Joyce Yamada, 13 Grattan Street
Like Ungar, painter Joanne Yamada also previously worked in the Brooklyn Fire Proof building from 2006-2009. She moved to South Slope for a few years before returning to the area in 2017 to The AnX Building on Grattan Street. “I moved back because it’s such a vibrant community and I like it here a lot.”
A former radiologist, Yamada was showcasing her work in her studio with two other artists—Nila Onda and Jody Rasch—as part of Lamina Project, a platform that presents science-inspired artwork. Yamada incorporates “human avatars” into her paintings, such as a water human “made completely out of water,” she explained, just as “we are almost completely made of water.” The water human represents our fragility and the possibility that “we could evaporate.” Another symbol she incorporates into her work Yorick_Root is a “living skeleton.” She said the painting was inspired by a photograph of a large uprooted oak tree in Ireland. “They found a human skeleton in the roots….I thought it was a good symbol of being intertwined with nature,” she said. Having worked as a physician, Yamada said, “I’m very familiar with skeletons and with the idea that all of us have one. It’s a living skeleton, it’s not a symbol of death.”
Communicant, a large-scale painting featuring a redwood, shows the majestic tree’s intricate roots. “They communicate with each through their root system using their symbiotic fungus,” Yamada said of trees, “which to me is like copper wire, they’re communicating, they’re transmitting information.”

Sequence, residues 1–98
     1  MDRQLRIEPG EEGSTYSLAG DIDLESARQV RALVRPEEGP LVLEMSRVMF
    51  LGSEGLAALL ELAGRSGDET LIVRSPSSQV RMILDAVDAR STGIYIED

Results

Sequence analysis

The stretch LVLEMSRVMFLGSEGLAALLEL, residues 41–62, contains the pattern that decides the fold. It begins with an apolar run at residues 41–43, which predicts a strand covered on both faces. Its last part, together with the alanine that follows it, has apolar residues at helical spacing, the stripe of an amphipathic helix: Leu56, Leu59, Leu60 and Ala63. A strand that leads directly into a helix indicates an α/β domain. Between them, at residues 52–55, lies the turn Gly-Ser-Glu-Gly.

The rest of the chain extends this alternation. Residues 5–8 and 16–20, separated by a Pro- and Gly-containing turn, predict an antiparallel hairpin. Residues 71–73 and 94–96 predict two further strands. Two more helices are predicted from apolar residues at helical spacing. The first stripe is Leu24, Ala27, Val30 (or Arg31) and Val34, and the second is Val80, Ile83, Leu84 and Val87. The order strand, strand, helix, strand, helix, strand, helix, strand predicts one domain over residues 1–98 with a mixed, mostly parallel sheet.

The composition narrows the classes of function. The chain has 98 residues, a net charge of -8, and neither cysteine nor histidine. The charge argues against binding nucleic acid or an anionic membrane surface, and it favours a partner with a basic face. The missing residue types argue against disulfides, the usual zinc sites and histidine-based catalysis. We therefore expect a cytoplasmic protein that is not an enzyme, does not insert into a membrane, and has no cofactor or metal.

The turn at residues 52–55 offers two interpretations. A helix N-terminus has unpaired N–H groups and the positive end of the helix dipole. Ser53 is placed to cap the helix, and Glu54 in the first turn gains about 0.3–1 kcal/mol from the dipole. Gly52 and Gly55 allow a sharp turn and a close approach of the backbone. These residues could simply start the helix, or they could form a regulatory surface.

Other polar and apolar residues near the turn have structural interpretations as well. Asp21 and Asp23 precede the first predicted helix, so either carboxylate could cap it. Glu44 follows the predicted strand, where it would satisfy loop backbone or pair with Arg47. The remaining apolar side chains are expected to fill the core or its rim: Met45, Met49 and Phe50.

Yamada participated in the Open Studios when she first lived in Bushwick and began to do so again when she returned two years ago. “I like the feedback and it’s fun talking to people,” she said.
Also showing at Yamada’s studio was photographer Nila Onda, who recently moved to Harlem after working in Bushwick for seven years. “I felt like I needed a change and also Bushwick is becoming very expensive,” Onda said of her move. “I come [back] often,” she added, noting that she misses the neighborhood’s vibe as well as the parties.
Onda uses a macro lens to shoot air bubbles created by common household fluids (soaps, shampoos) mixed with water inside a martini glass before using a dye-sublimation process to embed the images onto sheets of silver aluminum. The results are iridescent images that resemble stars or the solar system.
Oringinally from Italy, the artist said her Cosmos project was inspired by quantum physics as well as the book The Tao of Physics and illustrates that “there is no isolated particle, everything is part of a system that works together.” She chose for her artist statement, “The Universe is a Dancer,” because “everything dances together. Everything is transforming, constantly changing, evolving. It’s like music.”